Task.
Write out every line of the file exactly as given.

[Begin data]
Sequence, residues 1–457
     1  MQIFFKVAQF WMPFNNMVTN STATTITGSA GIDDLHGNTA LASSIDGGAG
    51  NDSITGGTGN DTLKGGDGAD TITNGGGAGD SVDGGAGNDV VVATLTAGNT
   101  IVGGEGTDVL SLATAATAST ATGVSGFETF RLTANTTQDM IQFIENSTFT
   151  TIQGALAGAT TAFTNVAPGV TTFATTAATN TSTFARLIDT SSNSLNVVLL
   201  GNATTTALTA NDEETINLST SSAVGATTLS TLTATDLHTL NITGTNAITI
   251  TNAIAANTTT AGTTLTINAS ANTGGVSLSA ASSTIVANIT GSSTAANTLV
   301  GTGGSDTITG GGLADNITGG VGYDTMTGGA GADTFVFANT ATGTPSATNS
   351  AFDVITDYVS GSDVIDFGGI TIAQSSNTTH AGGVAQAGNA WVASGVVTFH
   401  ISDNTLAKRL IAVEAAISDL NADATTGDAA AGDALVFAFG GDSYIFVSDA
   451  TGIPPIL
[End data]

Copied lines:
Sequence, residues 1–457
     1  MQIFFKVAQF WMPFNNMVTN STATTITGSA GIDDLHGNTA LASSIDGGAG
    51  NDSITGGTGN DTLKGGDGAD TITNGGGAGD SVDGGAGNDV VVATLTAGNT
   101  IVGGEGTDVL SLATAATAST ATGVSGFETF RLTANTTQDM IQFIENSTFT
   151  TIQGALAGAT TAFTNVAPGV TTFATTAATN TSTFARLIDT SSNSLNVVLL
   201  GNATTTALTA NDEETINLST SSAVGATTLS TLTATDLHTL NITGTNAITI
   251  TNAIAANTTT AGTTLTINAS ANTGGVSLSA ASSTIVANIT GSSTAANTLV
   301  GTGGSDTITG GGLADNITGG VGYDTMTGGA GADTFVFANT ATGTPSATNS
   351  AFDVITDYVS GSDVIDFGGI TIAQSSNTTH AGGVAQAGNA WVASGVVTFH
   401  ISDNTLAKRL IAVEAAISDL NADATTGDAA AGDALVFAFG GDSYIFVSDA
   451  TGIPPIL